We posted yesterday about NASA's Dawn mission, which will launch from Cape Canaveral July 7th, on a mission to study the "dwarf planets" Ceres and Vesta in the Asteroid Belt between Jupiter and Saturn.
Asteroids are believed to be the building blocks of planets - primordial relics left over from the formation of the Solar System 4.6 billion years ago.
We thought it would be a perfect follow up to examine what the scientific world thinks would happen to the human species and life on Earth in general if an asteroid the size of the one that created the famous K/T Event of 65 million years ago at the end of the Mesozoic Era that resulted in the extinction of the dinosaurs impacted our planet.
The general concensus is that any comet or asteroid greater than 20 kilometers in diameter that strikes the Earth will result in the complete annihilation of complex life - animals and higher plants. (The asteroid Vesta, for example, one of the destinations of the Dawn Mission, is the size of Arizona).
How many times in our galaxy alone has life finally evolved to the equivalent of our planets and animals on some far distant planet, only to be utterly destroyed by an impact? Galactic history suggests it might be a common occurance.
The first this to understand about the KT event is that is was absolutley enormous: an asteroid (or comet) six to 10 miles in diameter streaked through the Earth's athmosphere at 25,000 miles an hour and struck the Yucatan region of Mexico with the force of 100 megatons -the equivalent of one Hiroshima bomb for every person alive on Earth today. Not a pretty scenario!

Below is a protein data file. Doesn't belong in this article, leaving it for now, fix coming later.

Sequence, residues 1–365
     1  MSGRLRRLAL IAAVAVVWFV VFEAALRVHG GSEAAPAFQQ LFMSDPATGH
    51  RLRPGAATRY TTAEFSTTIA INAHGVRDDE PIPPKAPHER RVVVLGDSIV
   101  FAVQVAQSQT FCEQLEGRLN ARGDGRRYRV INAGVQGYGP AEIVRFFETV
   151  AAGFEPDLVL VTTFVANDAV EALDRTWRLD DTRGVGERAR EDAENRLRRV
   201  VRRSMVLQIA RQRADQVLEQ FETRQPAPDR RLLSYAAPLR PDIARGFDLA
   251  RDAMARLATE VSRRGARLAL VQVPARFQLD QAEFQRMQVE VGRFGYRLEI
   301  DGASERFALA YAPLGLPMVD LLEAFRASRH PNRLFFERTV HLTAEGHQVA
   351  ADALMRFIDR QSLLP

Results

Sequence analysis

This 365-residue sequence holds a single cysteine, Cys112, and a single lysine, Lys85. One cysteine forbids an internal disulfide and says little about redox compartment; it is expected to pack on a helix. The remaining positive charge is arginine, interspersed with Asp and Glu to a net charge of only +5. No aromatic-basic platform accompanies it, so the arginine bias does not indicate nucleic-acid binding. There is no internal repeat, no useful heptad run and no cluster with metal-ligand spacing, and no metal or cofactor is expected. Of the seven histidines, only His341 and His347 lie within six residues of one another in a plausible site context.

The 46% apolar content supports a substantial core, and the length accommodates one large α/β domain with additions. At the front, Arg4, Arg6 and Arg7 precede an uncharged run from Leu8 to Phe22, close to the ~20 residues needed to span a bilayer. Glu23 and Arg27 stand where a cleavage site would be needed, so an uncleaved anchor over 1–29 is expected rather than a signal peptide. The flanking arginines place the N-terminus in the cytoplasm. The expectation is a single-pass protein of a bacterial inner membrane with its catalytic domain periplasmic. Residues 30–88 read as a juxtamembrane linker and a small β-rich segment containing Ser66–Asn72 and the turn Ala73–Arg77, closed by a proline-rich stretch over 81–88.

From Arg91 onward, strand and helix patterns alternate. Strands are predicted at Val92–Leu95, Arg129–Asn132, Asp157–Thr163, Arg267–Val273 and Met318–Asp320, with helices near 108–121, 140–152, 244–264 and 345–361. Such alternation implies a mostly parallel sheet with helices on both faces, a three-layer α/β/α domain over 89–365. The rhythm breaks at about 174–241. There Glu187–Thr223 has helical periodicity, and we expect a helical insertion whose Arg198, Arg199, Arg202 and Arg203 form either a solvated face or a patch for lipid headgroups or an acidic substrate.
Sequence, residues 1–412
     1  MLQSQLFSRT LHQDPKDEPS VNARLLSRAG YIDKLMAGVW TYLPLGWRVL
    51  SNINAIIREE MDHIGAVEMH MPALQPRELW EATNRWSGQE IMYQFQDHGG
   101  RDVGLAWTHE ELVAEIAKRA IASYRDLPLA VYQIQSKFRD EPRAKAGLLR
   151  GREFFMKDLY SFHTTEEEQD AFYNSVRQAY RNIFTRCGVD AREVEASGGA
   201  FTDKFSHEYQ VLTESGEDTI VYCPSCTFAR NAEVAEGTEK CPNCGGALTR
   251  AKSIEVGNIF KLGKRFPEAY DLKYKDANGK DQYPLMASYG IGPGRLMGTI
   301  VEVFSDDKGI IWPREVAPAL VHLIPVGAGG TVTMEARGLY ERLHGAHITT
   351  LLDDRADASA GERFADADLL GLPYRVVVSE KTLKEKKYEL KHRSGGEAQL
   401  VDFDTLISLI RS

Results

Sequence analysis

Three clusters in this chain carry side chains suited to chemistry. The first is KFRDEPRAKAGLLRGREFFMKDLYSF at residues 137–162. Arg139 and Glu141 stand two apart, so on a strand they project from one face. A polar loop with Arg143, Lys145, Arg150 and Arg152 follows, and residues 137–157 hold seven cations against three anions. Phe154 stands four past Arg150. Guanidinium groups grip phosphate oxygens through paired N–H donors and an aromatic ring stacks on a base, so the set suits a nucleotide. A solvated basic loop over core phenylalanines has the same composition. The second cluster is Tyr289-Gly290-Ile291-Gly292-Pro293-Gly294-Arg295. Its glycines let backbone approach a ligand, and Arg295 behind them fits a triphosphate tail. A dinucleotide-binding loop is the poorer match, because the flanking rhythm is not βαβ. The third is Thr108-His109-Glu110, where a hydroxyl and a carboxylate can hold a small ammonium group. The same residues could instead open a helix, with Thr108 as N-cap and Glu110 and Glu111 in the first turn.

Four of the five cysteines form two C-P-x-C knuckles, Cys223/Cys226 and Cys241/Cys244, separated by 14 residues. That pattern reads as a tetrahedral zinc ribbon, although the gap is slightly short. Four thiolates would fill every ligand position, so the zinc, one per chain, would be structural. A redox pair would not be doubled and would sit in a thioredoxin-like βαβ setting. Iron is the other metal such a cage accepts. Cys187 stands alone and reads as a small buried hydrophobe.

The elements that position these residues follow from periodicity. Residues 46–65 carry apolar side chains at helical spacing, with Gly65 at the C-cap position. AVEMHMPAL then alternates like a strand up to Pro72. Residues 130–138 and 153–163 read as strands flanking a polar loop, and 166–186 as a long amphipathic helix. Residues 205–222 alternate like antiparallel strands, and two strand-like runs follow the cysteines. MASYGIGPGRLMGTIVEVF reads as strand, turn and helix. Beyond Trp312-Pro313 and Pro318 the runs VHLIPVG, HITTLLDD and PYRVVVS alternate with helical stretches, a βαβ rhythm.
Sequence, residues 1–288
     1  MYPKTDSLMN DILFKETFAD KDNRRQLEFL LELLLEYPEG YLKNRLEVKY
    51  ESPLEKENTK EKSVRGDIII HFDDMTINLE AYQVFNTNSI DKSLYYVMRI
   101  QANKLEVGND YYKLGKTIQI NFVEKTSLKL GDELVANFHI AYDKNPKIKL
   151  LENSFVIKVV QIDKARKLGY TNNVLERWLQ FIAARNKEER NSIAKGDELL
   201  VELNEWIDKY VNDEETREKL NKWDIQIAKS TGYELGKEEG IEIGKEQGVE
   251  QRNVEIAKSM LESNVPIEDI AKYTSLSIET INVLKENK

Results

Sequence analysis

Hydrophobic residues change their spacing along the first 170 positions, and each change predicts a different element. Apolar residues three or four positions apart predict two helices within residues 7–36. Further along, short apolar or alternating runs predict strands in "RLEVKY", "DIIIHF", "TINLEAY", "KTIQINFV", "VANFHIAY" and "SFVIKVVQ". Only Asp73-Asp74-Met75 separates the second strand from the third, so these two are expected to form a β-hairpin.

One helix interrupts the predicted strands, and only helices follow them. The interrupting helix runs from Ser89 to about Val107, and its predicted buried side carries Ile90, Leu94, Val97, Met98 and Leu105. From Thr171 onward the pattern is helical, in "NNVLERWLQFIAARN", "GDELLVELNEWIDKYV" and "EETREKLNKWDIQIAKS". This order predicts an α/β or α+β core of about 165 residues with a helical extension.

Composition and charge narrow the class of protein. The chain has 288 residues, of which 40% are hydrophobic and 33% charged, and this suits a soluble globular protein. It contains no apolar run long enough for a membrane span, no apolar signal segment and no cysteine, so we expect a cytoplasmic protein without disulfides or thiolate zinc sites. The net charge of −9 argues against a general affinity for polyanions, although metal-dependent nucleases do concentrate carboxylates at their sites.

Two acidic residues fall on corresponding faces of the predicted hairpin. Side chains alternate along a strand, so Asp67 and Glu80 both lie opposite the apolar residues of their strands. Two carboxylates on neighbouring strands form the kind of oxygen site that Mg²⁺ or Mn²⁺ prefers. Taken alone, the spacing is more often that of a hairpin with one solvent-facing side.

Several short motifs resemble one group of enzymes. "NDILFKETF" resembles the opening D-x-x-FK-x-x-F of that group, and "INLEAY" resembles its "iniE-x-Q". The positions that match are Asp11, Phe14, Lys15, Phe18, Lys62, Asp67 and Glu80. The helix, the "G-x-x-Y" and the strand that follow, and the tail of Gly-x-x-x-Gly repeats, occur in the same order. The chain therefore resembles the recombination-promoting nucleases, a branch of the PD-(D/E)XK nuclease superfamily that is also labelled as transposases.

Recent calculations show that our planet would go into another "Snowball Earth" event like the one that occurred 600 million years ago, when it is believed the oceans froze over (althought some scientists dispute this hypothesis -see link below).
While microbial bacteria might readily survive such calamitous impacts, our new understanding from the record of the Earth's mass extinctions clearly shows that plants and animals are very susceptible to extinction in the wake of an impact.
Impact rates depend on how many comets and asteroids exist in a particular planetary system. In general there is one major impact every million years -a mere blink of the eye in geological time. It also depends on how often those objects are perturbed from safe orbits that parallel the Earth's orbit to new, Earth-crossing orbits that might, sooner or later, result in a catastrophic K/T or Permian-type mass extinction.
What keeps the Earth "safe" at least the past 65 million years is the massive gravitational field of Jupiter, our cosmic guardian, with its stable circular orbit far from the sun, which assures a low number of impacts resulting in mass extinctions by sweeping up and scatters away most of the dangerous Earth-orbit-crossing comets and asteroids.
In 1995, astronomer George Wetherill calculated that without Jupiter, the impact rate on Earth by comets and asteroids would be 10,000 times higher. Under such bombardment it is hard to conceive of how complex life would survive.
Related Galaxy Posts
The End of the World -A Video (the most terrifying short film ever!)
Past as Prelude -Asteroids & the Origin of LIfe (Includes "Impact Map of the World")